Line Holidays

Discussion in 'Critical Care' started by Doctor Bob, 09.20.14.

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  1. Doctor Bob

    Doctor Bob EM/CC 7+ Year Member

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    We talk a lot about giving our long term patients "line holidays" when there's a question of bacteremia (but unproven). So we pull their lines, get by with peripheral lines, then replace the CVCs, trialysis catheters, etc, after 24 hours.

    If there's no culture-proven bacteremia, is there any evidence to say that you need to wait 24 hours before replacing lines? Why couldn't you just replace them right away? Either the bloodstream is infected or it's not. I just feel like I'm missing something and maybe it's institutional dogma rather than EBM.

    Although... in my mind, if there's no bloodstream infection or catheter infection there's no need to pull the lines in the first place if your plan is to replace them shortly thereafter.
     
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  3. Hernandez

    Hernandez Paranoid and Crotchety... 10+ Year Member

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    Do you actually have an indication for a central line or are you appeasing nursing staff?
     
  4. Doctor Bob

    Doctor Bob EM/CC 7+ Year Member

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    Yea, this person needed one (TPN). I don't put in CVCs for failure to gain peripheral access.
     
  5. Hernandez

    Hernandez Paranoid and Crotchety... 10+ Year Member

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    Most of what we do is dogma, in this instance, I'm not aware of any data to suggest you have to wait 24 hours, and without signs of local infection or positive blood cultures I likely wouldn't pull the line unless my suspicion for line sepsis was very high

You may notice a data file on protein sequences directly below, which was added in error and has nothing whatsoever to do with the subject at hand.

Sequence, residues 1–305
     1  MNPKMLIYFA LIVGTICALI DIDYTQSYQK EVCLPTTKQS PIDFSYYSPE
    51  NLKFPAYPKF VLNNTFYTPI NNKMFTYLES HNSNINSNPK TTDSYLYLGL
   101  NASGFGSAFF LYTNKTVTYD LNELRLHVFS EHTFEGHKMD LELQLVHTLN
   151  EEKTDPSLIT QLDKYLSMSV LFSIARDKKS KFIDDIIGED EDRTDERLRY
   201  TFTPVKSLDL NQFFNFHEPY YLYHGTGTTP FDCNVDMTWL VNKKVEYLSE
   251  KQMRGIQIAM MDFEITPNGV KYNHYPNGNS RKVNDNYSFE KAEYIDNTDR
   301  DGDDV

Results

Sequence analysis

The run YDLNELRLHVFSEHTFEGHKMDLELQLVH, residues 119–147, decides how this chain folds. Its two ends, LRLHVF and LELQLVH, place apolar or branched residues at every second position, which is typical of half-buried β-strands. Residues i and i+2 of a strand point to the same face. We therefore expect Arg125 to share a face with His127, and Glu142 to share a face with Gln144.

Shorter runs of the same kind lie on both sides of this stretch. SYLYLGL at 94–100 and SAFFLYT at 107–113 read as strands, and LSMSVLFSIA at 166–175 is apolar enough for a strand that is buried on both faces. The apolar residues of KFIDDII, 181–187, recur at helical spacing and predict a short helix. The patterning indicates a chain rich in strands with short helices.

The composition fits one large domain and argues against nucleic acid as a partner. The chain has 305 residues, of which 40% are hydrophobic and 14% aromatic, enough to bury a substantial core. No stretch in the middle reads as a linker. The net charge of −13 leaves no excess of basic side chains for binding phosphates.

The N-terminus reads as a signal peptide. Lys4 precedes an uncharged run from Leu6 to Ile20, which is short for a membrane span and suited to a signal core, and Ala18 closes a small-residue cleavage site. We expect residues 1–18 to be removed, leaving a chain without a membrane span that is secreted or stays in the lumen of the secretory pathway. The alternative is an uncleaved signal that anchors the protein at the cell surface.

6. Bostonredsox

    Bostonredsox 2+ Year Member

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    Out of curiosity, what do you do for the pt that truly needs IV access that peripheral access cannot be obtained in? Tell them to drink there meropenem?
     
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  7. Hernandez

    Hernandez Paranoid and Crotchety... 10+ Year Member

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    Find someone else to put in IV. Failed peripheral IV access should almost NEVER be an indication. Especially with ultrasound, and the other new techs to help find IV sites.
     
  8. Doctor Bob

    Doctor Bob EM/CC 7+ Year Member

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    Umm...

    This.
     
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  9. Bostonredsox

    Bostonredsox 2+ Year Member

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    We do not have anyone trained to use an US for access but us as physicians. US techs do not put in any ivs. And we outsource PICCS so there are no vascular access nurses available. So if an floor nurse , followed by an ER nurse, followed by a MICU nurse, followed by anesthesia, cannot get a piv, which is very common with our large, obese, dialysis population, what would you do to obtain access in the pt? I said a pt that piv access truly cannot be obtained despite multiple personnel trying. You speak as if this is an oxymoron. I assure you it is not. There are some pts that you just cannot get a peripheral IV in. I ultimately then evaluate if they truly need the Iv therapy, ie can there antibiotic be converted to PO, etc. but if they truly need an IV, for whatever reason, and 3+ people have tried to get a piv including gas, they're getting a line. I don't know what kind of time you have at your shop, but at night I don't have time to dick around for 30 minutes trying to get a 20 in a vasculopath dialysis pt when I can put a jugular in in 6 minutes.